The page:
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Equipment and Expertise are Keys to Harvesting Upstate New York Timber
A combination of land ownership, solid contracts and innovative equipment like the Morbark 50/48 drum chipper make Seaway Timber Harvesting a major player in the wood fiber market
Date Posted: 6/1/2014
Deny it as they may, many people have a tendency to over-generalize. Mention Los Angeles, and they immediately think smog-ridden and congested. Say “Minnesota,” and they picture a year-round frozen tundra. Mention New York, and they think Manhattan, skyscrapers and a sea of yellow taxicabs. The truth is there are plenty of simply breathtaking areas of Los Angeles; and Minnesota, with its 10,000 lakes, is consistently rated one of the best areas of the country in which to raise a family. New York State’s story is even more compelling; the state is actually 63 percent forested, with forests covering nearly 19 million acres. With figures like that, one would expect New York to have a healthy logging industry, and it does not disappoint. According to the New York State Department of Environmental Conservation (NYSDEC), the state annually produces about 488 million board feet of logs along with 2.1 million green tons of pulpwood and wood chips. All told, manufacturing and services related to forest products contribute approximately $14 billion to the state’s economy. A major player in that effort, Seaway Timber Harvesting, has combined equal parts land ownership, solid contracts and innovative equipment — including a track-mounted Morbark 50/48 drum chipper— to become one of upstate New York’s key providers of wood fiber for a broad range of uses.
Started in 1976 and incorporated in 1984, Massena, N.Y.-based Seaway Timber Harvesting works throughout northern New York to produce more than 300,000 tons of wood chips annually. In that time, according to company president and CEO, Pat Curran, the company has grown and, in the process, seen dramatic changes.
“Seaway Timber was actually an Ontario-based company that we purchased back in 1990,” he says. “We ran it solely in Canada for about six months, then brought the equipment and manpower into the States and worked back and forth between Canada and the U.S. for about 15 years. When the paper mill in Cornwall, Ontario shut down, we focused on working exclusively in the U.S. Today we describe ourselves as a forestry management company, and, because of the expertise we bring to the jobsite, we are able to land some of the larger contracts available in the area.”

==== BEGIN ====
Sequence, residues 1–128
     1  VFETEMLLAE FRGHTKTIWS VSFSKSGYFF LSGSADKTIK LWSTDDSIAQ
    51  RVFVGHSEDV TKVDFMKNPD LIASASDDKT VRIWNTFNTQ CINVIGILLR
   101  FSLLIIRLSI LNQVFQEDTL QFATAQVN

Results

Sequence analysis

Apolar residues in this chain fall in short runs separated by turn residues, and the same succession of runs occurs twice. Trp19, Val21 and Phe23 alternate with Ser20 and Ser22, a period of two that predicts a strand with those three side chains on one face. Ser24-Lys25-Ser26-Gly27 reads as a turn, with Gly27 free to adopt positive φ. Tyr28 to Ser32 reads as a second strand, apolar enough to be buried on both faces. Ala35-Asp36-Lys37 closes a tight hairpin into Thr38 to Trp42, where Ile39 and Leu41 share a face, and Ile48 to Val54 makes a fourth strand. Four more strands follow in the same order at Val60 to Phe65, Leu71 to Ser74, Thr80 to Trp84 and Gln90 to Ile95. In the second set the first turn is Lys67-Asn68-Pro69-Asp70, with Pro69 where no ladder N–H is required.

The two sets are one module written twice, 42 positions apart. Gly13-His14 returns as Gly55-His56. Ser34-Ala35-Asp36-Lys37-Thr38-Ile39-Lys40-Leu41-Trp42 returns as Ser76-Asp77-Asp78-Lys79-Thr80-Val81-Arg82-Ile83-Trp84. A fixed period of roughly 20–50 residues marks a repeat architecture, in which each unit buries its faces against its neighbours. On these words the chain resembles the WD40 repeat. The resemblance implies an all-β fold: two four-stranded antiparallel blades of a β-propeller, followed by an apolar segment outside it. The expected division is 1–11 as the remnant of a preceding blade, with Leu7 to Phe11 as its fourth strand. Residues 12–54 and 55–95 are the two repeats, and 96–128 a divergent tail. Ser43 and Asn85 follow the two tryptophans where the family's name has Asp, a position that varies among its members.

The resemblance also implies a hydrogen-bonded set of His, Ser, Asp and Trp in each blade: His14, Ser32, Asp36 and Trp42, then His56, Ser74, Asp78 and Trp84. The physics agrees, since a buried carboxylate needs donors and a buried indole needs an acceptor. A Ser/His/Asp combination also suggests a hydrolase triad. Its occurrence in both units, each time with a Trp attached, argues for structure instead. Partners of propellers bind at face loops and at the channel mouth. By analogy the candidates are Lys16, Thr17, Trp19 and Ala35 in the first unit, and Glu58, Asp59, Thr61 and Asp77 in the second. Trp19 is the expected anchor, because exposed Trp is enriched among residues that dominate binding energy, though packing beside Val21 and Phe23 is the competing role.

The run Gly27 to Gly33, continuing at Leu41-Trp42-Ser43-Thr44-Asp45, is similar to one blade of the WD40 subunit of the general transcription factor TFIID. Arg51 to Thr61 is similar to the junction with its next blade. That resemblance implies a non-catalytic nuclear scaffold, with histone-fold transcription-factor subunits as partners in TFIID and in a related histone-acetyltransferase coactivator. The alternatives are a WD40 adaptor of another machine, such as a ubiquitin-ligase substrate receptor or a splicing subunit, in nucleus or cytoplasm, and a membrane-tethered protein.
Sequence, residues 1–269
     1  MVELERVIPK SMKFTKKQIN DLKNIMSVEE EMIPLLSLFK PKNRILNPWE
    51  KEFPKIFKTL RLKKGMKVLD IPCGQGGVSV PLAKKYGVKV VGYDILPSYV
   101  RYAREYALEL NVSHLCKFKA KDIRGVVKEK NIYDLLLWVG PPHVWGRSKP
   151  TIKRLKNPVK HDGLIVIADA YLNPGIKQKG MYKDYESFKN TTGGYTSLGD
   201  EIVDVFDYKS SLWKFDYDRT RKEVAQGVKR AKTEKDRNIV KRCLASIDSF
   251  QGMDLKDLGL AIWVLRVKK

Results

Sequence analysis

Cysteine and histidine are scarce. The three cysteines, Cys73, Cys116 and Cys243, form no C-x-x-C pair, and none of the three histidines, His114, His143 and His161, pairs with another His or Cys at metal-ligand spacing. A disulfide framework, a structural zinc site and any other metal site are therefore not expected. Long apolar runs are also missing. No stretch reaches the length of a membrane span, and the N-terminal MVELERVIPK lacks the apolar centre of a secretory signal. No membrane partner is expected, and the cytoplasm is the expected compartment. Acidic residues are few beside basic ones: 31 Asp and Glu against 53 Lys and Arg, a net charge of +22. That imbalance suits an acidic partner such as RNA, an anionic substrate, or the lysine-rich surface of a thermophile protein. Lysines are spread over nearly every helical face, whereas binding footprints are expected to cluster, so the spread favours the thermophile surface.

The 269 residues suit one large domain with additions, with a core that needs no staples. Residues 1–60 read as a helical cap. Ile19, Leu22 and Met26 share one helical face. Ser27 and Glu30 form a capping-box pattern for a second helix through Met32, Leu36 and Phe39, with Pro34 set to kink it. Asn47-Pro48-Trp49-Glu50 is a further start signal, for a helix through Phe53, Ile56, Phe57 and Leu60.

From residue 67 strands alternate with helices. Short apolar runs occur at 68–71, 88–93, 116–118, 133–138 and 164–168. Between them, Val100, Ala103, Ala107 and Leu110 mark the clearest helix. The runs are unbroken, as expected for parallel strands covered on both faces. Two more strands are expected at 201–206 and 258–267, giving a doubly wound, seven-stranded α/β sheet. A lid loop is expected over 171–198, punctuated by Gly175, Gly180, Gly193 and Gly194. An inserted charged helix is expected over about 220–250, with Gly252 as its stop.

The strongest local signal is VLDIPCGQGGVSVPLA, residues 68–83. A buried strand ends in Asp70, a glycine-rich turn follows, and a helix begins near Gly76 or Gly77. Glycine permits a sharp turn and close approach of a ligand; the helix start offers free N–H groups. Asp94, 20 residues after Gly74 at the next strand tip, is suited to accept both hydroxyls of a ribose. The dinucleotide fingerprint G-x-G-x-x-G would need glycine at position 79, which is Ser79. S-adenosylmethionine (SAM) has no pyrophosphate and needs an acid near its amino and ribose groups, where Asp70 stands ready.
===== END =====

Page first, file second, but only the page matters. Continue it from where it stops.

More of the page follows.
One of the contracts to which Curran refers is a 300-acre site (of a total 1,000-acre segment) on the Fort Drum Army Installation in Watertown, N.Y. The base has a robust, concerted forestry effort to manage the more than 70,000 acres of heavily wooded land — acreage that provides a home to hundreds of species of birds, mammals, reptiles, amphibians and fish. The project differs from most in that, while a good percentage of the material cleared gets shipped to Curran’s own pellet mill in Massena, more than half of what his crews chip at the Fort is immediately used onsite in support of the installation’s biomass plant.
“The 60-megawatt plant, recently converted from a coal-fired facility, is located right on Fort Drum,” says Curran. “This area is old farm land that has grown up, and it yields a very marginal low-grade timber, mostly gray birch, red maple and aspen. But that material is ideal for biomass use, and it’s in abundant supply here on the base. So, obviously, from a logistical point of view, this is something of a dream project because we are able to harvest the material, chip it and send it right to the biomass plant.”
To maximize efficiency in the chipping facet of operations like the one at Fort Drum, Seaway Timber recently added a track-mounted Morbark 50/48 drum chipper to its fleet. According to Curran, while the machine has benefits that will be felt far beyond the project at Watertown, it is certainly making an impact there.